Coke CEO Swears Transparency
The Coca-Cola Company has responded to recent controversy surrounding the soft drink giant’s financial backing of the Global Energy Balance Network, a nonprofit that operates on the premise that America’s obesity epidemic has more to do with people’s lack of exercise than their caloric intake.
In an op-ed published in The Wall Street Journal, Coke’s chairman and CEO Muhtar Kent said that the company had made mistakes in the way it has “engaged the public health and scientific communities to tackle the global obesity epidemic that is plaguing our children, our families and our communities,” saying that the approach “is not working.”
As part of a company effort to improve transparency in how it produces and markets its beverages, Kent announced a set of new initiatives to be executed under Sandy Douglas, President of Coca-Cola North America, including the publishing of “a list of our efforts to reduce calories and market responsibly, along with a list of health and well-being partnerships and research activities we have funded in the past five years” on the company’s website. Additionally, Coke will assemble an oversight committee to assist in determining and governing its future investments in academic research.
“I am disappointed that some actions we have taken to fund scientific research and health and well-being programs have only served to create more confusion and mistrust,” Kent wrote. “I know our company can do a better job engaging both the public-health and scientific communities – and we will.”
Coke spokeswoman Joanna Price told the Journal that the company will publish the first disclosures on its site “within weeks.”
CHANGES AT THE TOP
MillerCoors Board of Directors Names Gavin Hattersley CEO
MillerCoors’ board of directors has named interim CEO Gavin Hattersley as the company’s permanent leader.
Hattersley — who came to the SABMiller/Molson Coors joint venture in July, following former CEO Tom Long’s departure from the company — had been serving as both the chief of MillerCoors and the chief financial officer of Molson Coors. He will continue to serve as Molson Coors’ CFO until a replacement is named in mid-November, the company said in a statement.
“Gavin is the right person to lead MillerCoors forward,” Pete Coors, chairman of the MillerCoors board of directors said in the statement. “Gavin has a great handle on what needs to be done to achieve growth at MillerCoors and he has the complete confidence of the Board, the employees and the distributor network to achieve this aspiration.”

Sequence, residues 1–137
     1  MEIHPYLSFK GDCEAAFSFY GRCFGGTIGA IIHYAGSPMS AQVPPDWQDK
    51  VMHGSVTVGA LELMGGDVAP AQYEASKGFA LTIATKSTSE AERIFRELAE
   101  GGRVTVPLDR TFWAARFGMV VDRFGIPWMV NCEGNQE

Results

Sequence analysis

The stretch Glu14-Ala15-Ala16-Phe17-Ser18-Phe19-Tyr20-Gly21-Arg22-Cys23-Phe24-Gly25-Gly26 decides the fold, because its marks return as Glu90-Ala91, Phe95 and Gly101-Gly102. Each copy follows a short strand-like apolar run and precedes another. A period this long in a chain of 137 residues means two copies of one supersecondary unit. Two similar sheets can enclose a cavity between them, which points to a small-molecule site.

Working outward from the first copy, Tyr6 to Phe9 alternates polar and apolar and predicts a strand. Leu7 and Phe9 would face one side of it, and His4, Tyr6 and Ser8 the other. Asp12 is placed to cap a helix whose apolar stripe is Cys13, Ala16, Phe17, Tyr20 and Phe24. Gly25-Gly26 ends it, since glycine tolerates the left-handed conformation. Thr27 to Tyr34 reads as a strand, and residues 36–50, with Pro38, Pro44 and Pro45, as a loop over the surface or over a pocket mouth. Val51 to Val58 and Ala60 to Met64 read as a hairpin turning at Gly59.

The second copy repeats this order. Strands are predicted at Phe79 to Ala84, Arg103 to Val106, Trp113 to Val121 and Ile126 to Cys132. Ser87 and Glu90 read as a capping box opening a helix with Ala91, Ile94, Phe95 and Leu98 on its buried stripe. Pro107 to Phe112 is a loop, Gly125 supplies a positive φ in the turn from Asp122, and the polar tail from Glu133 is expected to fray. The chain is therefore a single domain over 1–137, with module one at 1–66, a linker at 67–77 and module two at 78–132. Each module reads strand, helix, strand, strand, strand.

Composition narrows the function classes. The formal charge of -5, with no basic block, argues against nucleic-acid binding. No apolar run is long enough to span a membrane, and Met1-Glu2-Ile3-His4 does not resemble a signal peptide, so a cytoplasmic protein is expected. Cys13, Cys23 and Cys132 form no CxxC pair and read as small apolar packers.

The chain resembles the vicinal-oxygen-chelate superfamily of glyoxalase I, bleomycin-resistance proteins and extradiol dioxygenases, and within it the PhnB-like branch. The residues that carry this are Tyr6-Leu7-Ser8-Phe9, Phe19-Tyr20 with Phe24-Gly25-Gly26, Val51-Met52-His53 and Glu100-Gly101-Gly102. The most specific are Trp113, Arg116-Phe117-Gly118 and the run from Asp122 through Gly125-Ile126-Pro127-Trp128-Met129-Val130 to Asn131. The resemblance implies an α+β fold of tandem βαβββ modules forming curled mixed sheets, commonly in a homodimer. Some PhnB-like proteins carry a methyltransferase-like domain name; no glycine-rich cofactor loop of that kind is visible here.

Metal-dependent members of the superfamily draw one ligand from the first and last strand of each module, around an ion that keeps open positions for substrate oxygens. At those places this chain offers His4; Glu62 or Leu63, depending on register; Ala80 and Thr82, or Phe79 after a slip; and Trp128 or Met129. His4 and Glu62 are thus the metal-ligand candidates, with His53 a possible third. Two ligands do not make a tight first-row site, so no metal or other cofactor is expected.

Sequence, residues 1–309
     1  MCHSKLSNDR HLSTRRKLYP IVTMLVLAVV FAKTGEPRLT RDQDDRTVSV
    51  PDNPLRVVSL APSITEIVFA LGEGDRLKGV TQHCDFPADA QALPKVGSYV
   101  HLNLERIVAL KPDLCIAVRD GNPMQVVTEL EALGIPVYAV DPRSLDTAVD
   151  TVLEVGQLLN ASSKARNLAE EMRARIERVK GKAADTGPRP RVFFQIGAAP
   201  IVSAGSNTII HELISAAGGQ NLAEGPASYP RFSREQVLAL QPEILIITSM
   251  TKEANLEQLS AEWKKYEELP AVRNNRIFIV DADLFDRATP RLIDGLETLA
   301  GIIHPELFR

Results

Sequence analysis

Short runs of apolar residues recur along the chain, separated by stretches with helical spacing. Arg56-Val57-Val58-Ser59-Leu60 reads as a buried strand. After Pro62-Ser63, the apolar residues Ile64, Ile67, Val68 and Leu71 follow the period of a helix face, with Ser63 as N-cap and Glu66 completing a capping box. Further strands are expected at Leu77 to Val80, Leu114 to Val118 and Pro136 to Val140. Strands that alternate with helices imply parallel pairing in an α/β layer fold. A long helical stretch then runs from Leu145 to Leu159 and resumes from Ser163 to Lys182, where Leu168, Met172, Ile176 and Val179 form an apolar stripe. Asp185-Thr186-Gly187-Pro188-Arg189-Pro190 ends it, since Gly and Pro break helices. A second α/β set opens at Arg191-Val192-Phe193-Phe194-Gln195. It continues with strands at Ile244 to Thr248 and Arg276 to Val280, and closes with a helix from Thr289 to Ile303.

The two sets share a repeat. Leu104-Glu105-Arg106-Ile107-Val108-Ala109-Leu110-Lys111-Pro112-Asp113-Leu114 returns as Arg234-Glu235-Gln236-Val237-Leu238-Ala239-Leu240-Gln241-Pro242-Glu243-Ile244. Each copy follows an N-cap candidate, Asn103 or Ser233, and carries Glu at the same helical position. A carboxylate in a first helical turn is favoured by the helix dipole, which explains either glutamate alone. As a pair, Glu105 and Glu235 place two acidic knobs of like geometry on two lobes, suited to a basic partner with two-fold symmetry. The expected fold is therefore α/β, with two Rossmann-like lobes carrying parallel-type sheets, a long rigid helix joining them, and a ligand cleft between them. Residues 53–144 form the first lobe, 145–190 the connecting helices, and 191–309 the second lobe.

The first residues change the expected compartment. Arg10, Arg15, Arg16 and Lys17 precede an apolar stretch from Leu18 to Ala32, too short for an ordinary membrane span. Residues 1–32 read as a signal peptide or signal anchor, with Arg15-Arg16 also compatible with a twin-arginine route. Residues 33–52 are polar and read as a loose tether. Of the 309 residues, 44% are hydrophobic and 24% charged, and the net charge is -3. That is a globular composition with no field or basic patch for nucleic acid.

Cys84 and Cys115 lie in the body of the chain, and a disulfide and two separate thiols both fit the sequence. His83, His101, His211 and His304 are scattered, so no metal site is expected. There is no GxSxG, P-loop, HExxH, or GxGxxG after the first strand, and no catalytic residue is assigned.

On his first day in charge, Hattersley terminated two top MillerCoors executives — chief marketing officer Andy England and Ed McBrien, who had served as the president of sales and distributor operations. In their place, Hattersley named David Kroll – who joined MillerCoors in 2012 as the vice president of innovation and was responsible for the introduction of products like Redd’s Apple Ale and Smith & Forge Hard Cider — as the company’s new CMO. Kevin Doyle, who had been serving as the MillerCoors’ chief commercial solutions officer, replaced Ed McBrien as president of sales and distributor operations.
Meanwhile, after 25 years at the helm of New Belgium Brewing, co-founder Kim Jordan will step down as CEO and transition into a new role as executive chair of the brewery’s Board of Directors. Current president and chief operations officer Christine Perich, who began her career at New Belgium in 2000 and has also previously served as the company’s chief financial officer, has been named CEO. She will take over on October 9, the company said.
In a conversation with Brewbound, Jordan said it was time for her to take a step back from day-to-day responsibilities and move into a “higher-level strategic role.”
“I have been doing this for 25 years,” she said. “This kind of transition is inevitable and we think it is better to plan for it, rather than wait until people are absolutely burnt out. Christine is enthusiastic, young, and energetic, and it is a good time to make that cutover.”
“She [Perich] has been preparing for this for years,” Jordan added.
In a news release, New Belgium said the move would allow Perich to “focus on short-term strategy, leading the executive team, industry leadership and running day-to-day operations.”
“After spending the past 15 years as a part of the New Belgium team, I am incredibly excited for this opportunity,” Perich said in the statement. “With Kim’s continued guidance as Executive Chair and the strength of our management team, I feel very confident in our ability to drive the business forward while honoring all the fundamental elements that have made New Belgium so successful.”
Jordan, 56, launched New Belgium in 1991 with then-husband Jeff Lebesch. The company has grown to become the country’s fourth largest craft brewery, according to the Brewers Association and in 2014 produced 945,367 barrels of beer.
New Belgium is 100-percent employee-owned and Perich was instrumental in guiding the company through its second employee stock ownership program (ESOP) transaction in 2012.